Vera caught sight of Michael and ran towards him, through the danger, "and fell into his embrace". She believes that the "life and the energy of it flowing through us is more important than anything. It was the catalyst to start a total transformation within me, of how I would go on to live my life.
"The shoots of it, I'm only beginning to feel the strength of within me now."
It's 8pm on a blustery, cold night in Wexford. Two dogs, Molly and Suzy, are running around the yard outside. Inside, in the living room, Michael and Vera are drinking mugs of tea and reflecting on their trauma. This is the farmhouse that Vera grew up in, with three sisters (Mary, Anne and Jenny) and two brothers (Ger and Anthony.) After the fire, she and Michael have moved here, temporarily. Running in the back door, Suzy, a springer spaniel, who has just had pups. Seven of them. You can hear the pups in the kitchen, scratching at the door to be let out. Life has a sweet mystery to it, Vera smiles. This is particularly apt for Vera and Michael. When she was about seven, Vera and her mother Mary were up in Dublin for the day. After they had done their business in town, Mary had Vera by the hand, rushing to get the train home.
"On Grafton Street we were making our way through a crowd gathered around a street performer," she recalls.
Vera, only being hip high to adults, caught a glimpse of these bare blue feet and legs dancing. "Naturally like all children, I was filled with curiosity." Letting go of her mother's hand, Vera "made my way through the clothed legs, to see more of the blue feet dancing."
"Then to the glorious wonder of a child's eyes, before the fog of criticism and judgment blinds, danced a whole blue man," Vera in her poetic way remembers. "He was naked except for a loincloth also in blue."
"However," she smiles, "I had to go, and I didn't meet him again for 30 years."
Three decades later, Vera and the blue man in the loincloth met again at Michael's exhibition in the Pig Yard Gallery in Wexford town; then two years on again at the same venue. "A year later at his exhibition for Wexford Opera Festival, we began getting to know each other. That was 2012. We're together ever since…"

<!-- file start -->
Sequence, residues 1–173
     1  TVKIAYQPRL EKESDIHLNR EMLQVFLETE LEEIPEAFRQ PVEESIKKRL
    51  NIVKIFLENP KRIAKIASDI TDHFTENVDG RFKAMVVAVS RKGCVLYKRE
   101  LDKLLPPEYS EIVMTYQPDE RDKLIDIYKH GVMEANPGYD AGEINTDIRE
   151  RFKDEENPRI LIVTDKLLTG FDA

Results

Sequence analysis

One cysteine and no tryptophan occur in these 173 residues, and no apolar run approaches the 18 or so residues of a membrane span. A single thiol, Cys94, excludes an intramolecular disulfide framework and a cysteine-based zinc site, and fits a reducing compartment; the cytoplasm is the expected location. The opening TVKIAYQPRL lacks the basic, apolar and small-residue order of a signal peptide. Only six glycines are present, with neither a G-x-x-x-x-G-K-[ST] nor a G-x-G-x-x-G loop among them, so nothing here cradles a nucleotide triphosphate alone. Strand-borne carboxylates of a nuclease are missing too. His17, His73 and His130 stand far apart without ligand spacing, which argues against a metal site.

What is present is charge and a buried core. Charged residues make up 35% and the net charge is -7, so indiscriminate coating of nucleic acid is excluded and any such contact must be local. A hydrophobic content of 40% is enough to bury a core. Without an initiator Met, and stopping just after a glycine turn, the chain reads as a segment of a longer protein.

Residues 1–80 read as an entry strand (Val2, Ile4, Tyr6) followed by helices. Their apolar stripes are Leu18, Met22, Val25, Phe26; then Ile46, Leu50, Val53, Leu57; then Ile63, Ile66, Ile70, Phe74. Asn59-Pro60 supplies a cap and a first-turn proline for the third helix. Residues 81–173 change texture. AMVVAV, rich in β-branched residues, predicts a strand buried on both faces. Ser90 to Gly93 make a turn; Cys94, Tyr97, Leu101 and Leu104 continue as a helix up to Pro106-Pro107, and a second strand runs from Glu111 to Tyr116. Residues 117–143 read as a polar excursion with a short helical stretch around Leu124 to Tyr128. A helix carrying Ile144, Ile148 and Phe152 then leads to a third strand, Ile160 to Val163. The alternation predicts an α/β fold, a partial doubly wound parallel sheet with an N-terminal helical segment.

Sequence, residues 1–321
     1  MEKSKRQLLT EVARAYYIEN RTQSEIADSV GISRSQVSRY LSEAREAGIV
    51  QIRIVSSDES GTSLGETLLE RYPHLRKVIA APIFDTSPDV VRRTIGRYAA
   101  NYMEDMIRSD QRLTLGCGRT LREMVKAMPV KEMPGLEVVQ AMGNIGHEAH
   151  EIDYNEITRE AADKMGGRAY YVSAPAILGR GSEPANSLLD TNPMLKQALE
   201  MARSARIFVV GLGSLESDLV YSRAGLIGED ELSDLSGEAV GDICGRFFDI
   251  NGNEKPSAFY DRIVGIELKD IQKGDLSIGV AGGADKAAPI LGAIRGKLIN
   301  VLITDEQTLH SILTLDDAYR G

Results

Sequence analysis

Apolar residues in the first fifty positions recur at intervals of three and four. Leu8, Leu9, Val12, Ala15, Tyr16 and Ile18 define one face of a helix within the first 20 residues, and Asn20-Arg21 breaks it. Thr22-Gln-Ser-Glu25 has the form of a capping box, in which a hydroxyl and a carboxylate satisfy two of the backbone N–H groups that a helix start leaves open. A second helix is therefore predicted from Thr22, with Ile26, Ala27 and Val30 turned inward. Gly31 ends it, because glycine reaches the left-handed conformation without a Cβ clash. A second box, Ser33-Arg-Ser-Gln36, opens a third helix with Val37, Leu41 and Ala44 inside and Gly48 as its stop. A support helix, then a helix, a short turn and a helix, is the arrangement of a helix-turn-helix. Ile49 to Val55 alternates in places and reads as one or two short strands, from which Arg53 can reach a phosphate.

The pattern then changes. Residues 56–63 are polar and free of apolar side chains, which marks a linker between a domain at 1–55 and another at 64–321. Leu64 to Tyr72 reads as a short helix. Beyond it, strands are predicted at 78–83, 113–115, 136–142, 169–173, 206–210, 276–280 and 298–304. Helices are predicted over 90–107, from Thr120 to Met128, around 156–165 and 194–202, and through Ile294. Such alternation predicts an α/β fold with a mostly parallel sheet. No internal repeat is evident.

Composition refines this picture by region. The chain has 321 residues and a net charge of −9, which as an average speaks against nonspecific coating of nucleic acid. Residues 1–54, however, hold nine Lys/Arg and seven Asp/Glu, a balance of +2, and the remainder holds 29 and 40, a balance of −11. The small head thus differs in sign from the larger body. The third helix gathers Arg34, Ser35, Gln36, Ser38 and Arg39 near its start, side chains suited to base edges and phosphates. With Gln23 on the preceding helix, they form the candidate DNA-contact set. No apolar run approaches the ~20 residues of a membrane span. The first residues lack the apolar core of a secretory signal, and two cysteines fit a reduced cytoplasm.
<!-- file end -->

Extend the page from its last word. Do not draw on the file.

What sustains and nourishes their love?
"We have similar depth," says Vera as Michael looks on smiling in near-beatific agreement. (Vera to Mick is, I suspect, like that Charles Bukowski line: "She's magic. There's no lie in her fire.")
"From deep inside we're both loving the same things. Like all before our eyes in nature, to behold in wonder, we both let the love of this fill us up. Love is not something to covet from another. Love we fill ourselves up with and then give out. So it's nature and the energy of nature, caring for us, that sustains our love." It is that love that has sustained Vera and Michael after the fire too. "It takes time to recover from such a huge blow," says Vera.
"We're doing well, though. The plans for the future are to triumph against the odds. We're living a quiet life really at the moment. Michael had our place so beautifully unique in Helvic, the local kids called it the magic house by the fairway grove."
Michael has a grown-up daughter, Fiona, from a previous relationship.
"My daughter's doing really well," he says. "She's 20 and in her third year of studying law in Paris. She's a lovely authentic young woman. I'm very proud of her."
Vera, who is an artist in stained glass and teaches yoga (she has being doing it for 26 years) and meditation (she's been practising for 34 years), is one of the most calming people to be around. When I got lost on the dark road near the farmhouse on the journey down from Dublin, she came out in her car - the one in which she will drive Michael to Frankfurt next month for his exhibition - and rescued me.
"Due to my work," she says, "of feeling the energy flow in people's bodies through my fingertips, I know artists have a faster-flowing energy stream running through them than others.
"This means that if they get bumped out of their creative flow, via a trauma, a sense of injustice going on, or even thinking of a past trauma - well it's a more extreme pain for them.
"Artist, writers, musicians have to stay focused in the here and now, for things not to go pear-shaped, more than any other profession. It's just the way it is.
"Keeping their faster creative energy stream, from fuelling anger, hurt or fear, is their challenge."
When Michael is totally present, listening to the birds singing, or the wind or the waves, as he paints, the speed at which he operates is fascinating to watch, Vera says, adding that Michael and his fellow students in the early 1970s in the National College of Art and Design "began a revolution in Irish art, from realistic to contemporary".